We landed in Zanzibar after a three-hour layover in Nairobi on schedule at 1.35 am, robbed by darkness of that all-important first impression.
As we descended, the island lights below were random. No street lights running in straight lines. No straight lines at all. It was as if the ground were mirroring the sky, the lights on the houses below like random stars masked in part by a canopy of trees.
Walking down the aeroplane steps, we met a wall of humidity that reminded me of deplaning in Dubai all those years ago. That was a major shock to the system; this was the same. With Zanzibar a major player in the East African tourism business, I was expecting spit and polish and a modern steel and concrete look to it all. Thankfully, I was disappointed. The airport is basic. Very basic. The terminal reminded me of a very poor cousin to the small terminal in Valdez – double doors in off the runway. That said, there is a new building, finished three years ago, all chrome and polish but it has yet to open. Pole pole. Slowly slowly. This is how things go in Africa.
We handed in our medical forms having ticked no to the plethora of ailments we might have suffered in the previous 21 days. I’d given myself a clean bill of health, not wanting to admit that I’d been pretty out of it over Christmas. I didn’t fancy what might come if I checked the boxes for fever, chills, and feeling faint. I knew it wasn’t Ebola even if we were arriving from Kenya. But I didn’t have any great confidence that I looked as healthy as the form said I was so I admitted to having had a headache and threw in my bursitis for good measure. A nice lady took our temperature, pronounced us well, and we moved on to the next challenge.
An anxious official tried to corral the new arrivals into an orderly queue and failed miserably. He gave everyone two forms to fill in for immigration, leading to a battle for pens and desk space. The queues made little sense. It didn’t seem to matter whether we were foreigners or citizens, whether in transit or staying a while. We were directed at random to a window, regardless of the signs overhead. One window to apply, a second to pay, and a third to be stamped. One male passenger had a hissy fit when we skipped the queue (as he thought, but we were only going as directed). When a senior officer came from the VIP lounge, took our passports, and pulled us aside, yer man jumped the queue in protest. Then a second guy had minor hysterics because the first guy had skipped the queue and we’d been pulled aside. But the official directing traffic motioned for them to calm down, smiling his pole, pole.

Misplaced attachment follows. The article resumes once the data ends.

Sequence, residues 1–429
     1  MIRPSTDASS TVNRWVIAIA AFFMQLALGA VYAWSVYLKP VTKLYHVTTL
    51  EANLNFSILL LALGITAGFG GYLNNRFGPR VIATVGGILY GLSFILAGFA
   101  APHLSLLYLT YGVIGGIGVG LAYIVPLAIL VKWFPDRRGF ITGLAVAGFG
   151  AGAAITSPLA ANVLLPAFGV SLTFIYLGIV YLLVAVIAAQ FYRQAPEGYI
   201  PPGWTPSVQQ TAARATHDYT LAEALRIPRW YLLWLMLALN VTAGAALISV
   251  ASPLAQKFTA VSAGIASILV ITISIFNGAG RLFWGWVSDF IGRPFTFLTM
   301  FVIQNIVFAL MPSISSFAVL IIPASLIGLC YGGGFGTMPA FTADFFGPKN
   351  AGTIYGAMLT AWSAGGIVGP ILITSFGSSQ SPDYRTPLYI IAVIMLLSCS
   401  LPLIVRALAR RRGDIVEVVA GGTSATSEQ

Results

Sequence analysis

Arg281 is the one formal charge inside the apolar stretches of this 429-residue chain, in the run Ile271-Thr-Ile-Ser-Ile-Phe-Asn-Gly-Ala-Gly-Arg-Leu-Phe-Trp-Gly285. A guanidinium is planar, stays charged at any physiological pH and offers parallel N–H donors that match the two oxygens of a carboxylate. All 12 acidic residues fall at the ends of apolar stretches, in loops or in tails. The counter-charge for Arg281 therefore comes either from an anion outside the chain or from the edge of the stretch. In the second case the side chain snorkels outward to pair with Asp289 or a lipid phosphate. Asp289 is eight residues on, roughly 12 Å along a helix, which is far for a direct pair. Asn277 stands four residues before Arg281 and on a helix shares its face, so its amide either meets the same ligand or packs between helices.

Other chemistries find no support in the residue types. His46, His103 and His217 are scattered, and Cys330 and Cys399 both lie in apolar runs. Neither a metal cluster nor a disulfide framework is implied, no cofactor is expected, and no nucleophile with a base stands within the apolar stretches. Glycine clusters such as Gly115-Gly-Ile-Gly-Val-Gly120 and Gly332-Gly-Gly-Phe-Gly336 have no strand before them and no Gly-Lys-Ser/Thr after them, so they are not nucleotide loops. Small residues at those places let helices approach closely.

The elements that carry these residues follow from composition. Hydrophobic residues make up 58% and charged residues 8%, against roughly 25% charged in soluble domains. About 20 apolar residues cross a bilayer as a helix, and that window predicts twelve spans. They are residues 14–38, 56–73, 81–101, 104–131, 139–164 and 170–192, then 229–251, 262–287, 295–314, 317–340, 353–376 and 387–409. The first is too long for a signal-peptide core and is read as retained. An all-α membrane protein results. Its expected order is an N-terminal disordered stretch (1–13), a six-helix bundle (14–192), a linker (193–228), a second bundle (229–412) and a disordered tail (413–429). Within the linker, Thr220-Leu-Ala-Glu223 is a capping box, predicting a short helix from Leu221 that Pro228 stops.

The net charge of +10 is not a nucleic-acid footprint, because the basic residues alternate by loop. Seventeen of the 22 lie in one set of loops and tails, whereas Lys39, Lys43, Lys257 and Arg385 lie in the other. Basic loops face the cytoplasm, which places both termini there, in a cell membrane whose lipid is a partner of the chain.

Visas vary in cost depending on your passport – a lot like Istanbul. Ireland was half the price of the USA at $50. A transit visa is $30 but we couldn’t get ‘ah sure we’re on our way home next week’ to work. And like Istanbul, the card reader wasn’t working, something said with little conviction. Cash only. The almighty dollar is widely accepted and perhaps preferred to the Tanzanian schilling.
Duly photographed and fingerprinted (which was a tad discombobulating) we made our way through customs and then outside, through the tunnel, to find our driver, Osman, waiting for us. It was dark. And it was hot. And it was humid. My considerate self kicked in and I was all for hurrying, conscious that he’d been waiting for over an hour for us to get through the health check, immigration, and customs. But he smiled and cautioned: pole pole.
We drove the 30 km to Zanzi Resort, our home for the next few days. It’s right-hand drive, like Ireland, but they drive as they do in Georgia – when the road allows. It was too dark to see much of anything. I suspect that daytime dilapidation was masked by corner lights and the shadows of the moon. It all looked quite surreal.
Osman navigated the potholes, the sleeping policemen, the dips and crevices that lined what goes for a road. At one point, when we turned off to Zanzi entering Kama village, the recent rains had washed out part of the road. As the minivan made its way carefully through the water, I was reminded of a drive from Pretoria to Wakkerstroom in South Africa where the potholes were deep enough to swallow a VW Bug but the only way to check the depth was to forge the water.
About 3 am we arrived at a locked gate, opened with a phone call by the Masai security guard. In the resort, Mudi met us, took our passports, and showed us to our villa. No. 5. Too wound up to sleep, we had a beer by the pool, our private pool, and resisted the short-lived temptation to sleep on the outdoor bed, to be lulled asleep by the sound of the waves and the bush babies. Air conditioning won out.
In that 30-minute drive, I revisited Dubai, Turkey, Alaska, Georgia, and South Africa, and caught a glimpse of what we might see in the next few days. I went to sleep happy.
When I awoke the next morning, this is what I saw.
This is our home for the next few days, the school of pole pole. I plan to master the art of taking things slowly.